By Steve Shaw
A full moon weekend at one of the most iconic places in the world to sail; this was the recipe for the 2022 Ultimate 20 North American Championships held at Richmond Yacht Club on San Francisco Bay. The heat wave that was cast upon northern California made for a pleasant few days leading up to the regatta. Conditions come race days made for perfect sailing with 15-25 knots of wind and sheltered just enough under Angel Island to make a fairly calm racecourse. Our team of Ryan Janov, Tim Porter and Steve Shaw made a decision early on that we wouldn’t let our lack of knowledge about the currents dictate our course strategies too much and that we would pursue watching the wind on the water instead. The first beat of the first race is when this played out and we learned to shift our focus after going around the windward mark 3rd behind Mark Allen (26) and Scott Hester (226) who went left early. From that point on we recognized that we wanted to start in the lower half of the line and get to the left side of the course where there seemed to be more wind. Once around the weather mark, downwind became quite fun with knowing there was more breeze on that side of the course and we could just set the kite and let ‘er rip. With boat speeds consistently in the double digits, we perched ourselves in the back corner of the boat and watched the spray go by.
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Once back on land, the beautiful new Richmond Yacht Club facility and staff made for great camaraderie and post race chalk talks.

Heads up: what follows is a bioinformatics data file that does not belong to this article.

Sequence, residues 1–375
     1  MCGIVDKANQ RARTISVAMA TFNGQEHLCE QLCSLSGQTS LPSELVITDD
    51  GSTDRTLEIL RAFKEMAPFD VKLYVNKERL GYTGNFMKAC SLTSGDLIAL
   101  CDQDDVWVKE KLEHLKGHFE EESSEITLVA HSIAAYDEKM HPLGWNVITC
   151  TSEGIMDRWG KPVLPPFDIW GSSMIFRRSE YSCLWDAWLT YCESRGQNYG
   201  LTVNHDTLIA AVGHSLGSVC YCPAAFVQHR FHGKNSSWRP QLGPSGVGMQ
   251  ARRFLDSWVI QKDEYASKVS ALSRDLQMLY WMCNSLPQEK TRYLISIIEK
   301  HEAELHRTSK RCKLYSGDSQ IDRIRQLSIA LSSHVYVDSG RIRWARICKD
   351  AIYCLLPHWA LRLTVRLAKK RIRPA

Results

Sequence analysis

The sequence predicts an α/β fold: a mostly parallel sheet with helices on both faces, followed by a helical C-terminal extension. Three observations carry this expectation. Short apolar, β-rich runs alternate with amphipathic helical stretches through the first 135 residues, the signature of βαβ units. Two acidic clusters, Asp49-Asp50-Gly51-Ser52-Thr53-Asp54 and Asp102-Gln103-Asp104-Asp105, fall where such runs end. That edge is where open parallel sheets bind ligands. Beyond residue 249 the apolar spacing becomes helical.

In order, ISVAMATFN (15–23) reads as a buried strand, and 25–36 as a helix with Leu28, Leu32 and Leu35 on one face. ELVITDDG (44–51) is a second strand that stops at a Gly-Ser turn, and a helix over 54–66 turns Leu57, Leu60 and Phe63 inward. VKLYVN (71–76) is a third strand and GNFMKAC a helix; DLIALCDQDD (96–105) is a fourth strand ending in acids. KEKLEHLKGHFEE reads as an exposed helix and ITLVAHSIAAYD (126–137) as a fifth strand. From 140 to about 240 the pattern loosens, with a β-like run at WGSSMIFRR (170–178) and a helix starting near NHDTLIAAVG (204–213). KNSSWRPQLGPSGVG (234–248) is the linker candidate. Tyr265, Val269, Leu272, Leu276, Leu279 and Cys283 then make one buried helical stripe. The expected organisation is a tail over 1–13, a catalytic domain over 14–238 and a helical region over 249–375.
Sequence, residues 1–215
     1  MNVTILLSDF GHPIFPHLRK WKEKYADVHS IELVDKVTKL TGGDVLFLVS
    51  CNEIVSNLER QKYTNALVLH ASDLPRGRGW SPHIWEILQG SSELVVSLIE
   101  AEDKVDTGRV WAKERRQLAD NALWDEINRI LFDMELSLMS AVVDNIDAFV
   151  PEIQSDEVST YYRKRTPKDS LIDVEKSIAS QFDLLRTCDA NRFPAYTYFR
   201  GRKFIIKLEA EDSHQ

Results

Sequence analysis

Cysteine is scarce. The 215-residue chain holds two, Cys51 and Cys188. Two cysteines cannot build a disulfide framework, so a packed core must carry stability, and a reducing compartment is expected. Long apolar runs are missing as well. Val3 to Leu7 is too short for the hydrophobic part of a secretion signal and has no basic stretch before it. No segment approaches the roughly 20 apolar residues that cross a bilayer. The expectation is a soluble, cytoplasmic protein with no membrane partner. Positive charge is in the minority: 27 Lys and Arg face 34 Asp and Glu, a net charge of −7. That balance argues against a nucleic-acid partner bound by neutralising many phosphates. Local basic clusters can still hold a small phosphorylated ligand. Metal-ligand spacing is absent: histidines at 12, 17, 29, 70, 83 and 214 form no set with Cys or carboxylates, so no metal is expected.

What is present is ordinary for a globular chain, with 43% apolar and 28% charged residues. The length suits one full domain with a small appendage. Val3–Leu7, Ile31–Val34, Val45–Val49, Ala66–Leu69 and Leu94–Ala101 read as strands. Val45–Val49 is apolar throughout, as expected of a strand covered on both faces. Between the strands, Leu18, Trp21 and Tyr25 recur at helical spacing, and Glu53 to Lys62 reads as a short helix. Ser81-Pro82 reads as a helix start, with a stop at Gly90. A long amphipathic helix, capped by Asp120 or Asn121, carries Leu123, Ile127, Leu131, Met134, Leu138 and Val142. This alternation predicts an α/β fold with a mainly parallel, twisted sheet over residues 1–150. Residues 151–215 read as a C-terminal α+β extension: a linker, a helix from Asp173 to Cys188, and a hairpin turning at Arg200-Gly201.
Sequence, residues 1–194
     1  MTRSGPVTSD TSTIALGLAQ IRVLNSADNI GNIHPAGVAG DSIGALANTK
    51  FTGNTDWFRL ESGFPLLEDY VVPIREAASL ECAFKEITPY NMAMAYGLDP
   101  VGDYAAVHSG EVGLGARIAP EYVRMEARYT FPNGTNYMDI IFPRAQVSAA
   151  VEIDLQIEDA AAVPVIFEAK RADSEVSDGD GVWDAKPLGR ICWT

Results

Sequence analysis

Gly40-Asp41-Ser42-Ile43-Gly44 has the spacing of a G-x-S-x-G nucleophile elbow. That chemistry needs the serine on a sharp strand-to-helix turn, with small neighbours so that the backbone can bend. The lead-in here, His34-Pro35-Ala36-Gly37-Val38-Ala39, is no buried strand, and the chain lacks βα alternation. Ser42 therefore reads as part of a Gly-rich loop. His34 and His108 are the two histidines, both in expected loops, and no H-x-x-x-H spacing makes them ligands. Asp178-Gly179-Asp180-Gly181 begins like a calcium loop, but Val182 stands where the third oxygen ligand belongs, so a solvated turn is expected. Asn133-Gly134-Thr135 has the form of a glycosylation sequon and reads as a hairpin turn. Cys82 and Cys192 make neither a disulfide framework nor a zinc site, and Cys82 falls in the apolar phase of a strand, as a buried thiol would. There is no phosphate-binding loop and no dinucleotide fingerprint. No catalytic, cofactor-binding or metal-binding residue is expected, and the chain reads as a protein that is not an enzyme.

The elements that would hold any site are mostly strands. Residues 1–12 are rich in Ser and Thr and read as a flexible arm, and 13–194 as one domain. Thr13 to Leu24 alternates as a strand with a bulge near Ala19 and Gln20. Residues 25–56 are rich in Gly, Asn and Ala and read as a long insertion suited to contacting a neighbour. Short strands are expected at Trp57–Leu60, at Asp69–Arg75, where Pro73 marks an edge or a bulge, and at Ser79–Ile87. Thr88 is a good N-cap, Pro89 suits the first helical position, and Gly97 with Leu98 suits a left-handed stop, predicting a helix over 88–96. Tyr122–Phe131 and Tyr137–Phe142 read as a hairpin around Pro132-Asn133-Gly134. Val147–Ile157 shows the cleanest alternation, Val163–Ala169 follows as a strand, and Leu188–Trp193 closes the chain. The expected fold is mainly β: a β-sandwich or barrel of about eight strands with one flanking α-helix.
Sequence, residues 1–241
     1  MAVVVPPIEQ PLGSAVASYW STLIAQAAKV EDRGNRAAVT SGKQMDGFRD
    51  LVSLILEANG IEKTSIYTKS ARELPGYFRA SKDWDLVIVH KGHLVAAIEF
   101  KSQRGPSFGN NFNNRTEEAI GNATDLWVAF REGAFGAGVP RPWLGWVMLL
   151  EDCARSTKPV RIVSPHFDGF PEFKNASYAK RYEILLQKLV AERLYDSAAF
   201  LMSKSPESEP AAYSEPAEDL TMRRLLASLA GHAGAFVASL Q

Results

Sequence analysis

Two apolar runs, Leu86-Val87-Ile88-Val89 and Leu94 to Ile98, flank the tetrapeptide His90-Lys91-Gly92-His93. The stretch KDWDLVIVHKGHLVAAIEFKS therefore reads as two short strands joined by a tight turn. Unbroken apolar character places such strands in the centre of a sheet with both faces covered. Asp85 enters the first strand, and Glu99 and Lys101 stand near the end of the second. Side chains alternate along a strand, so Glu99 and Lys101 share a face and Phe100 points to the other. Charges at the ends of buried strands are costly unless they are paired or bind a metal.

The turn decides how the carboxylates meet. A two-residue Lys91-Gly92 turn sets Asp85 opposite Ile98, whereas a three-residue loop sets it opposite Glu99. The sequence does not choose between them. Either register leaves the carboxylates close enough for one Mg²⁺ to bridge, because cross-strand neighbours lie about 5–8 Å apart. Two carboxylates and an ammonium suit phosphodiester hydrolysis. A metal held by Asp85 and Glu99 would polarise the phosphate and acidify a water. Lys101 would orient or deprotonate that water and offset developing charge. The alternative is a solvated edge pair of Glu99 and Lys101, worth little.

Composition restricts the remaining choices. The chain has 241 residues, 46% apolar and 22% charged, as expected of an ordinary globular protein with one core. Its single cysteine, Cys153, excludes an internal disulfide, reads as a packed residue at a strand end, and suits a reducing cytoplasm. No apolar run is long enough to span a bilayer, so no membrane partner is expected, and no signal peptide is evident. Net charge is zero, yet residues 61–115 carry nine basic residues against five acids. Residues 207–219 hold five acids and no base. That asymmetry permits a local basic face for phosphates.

Lessons learned along the way.
I learned early on that when you travel to a big regatta, it helps tremendously to be able to get on the water early and acclimate to your surroundings. Our trip across country was uneventful enough for us to arrive Tuesday morning for a Friday race day. An hour or two on the water Wednesday allowed us to get used to sailing in and out of the harbor and asses our rig set up with brand new sails. Thursday our third crew Ryan flew in from Southern California and we immediately headed out on the water to tune with Travis Gregory (222) and his crew. We found that our set up in two boat testing was good so went back in to try an older jib and see if we could be as competitive. An observation I made in our two boat testing was for Travis to sheet the jib a bit harder and change his main trim to a slightly eased mainsheet and more centered traveler. This allowed him to stay fairly equal with us in height and speed when we came back out to line up.
As the regatta approached I sat my team down and we decided who was going to do what so there wasn’t anything to figure out on the water.
Ryan, the foremost crew was in charge of the big picture and figured out our best strategies to get around the racecourse.
Tim, my trimmer was in charge of making sure the sails were in the right spots and would go up and down cleanly.
Steve, with the tiller in hand had the duty of strictly watching and feeling the attitude of the boat in the waves and staring at the tell tails. I’m guessing I looked outside of the boat less than a dozen times during the regatta.
‘Trust’ was the motto for the weekend and it worked!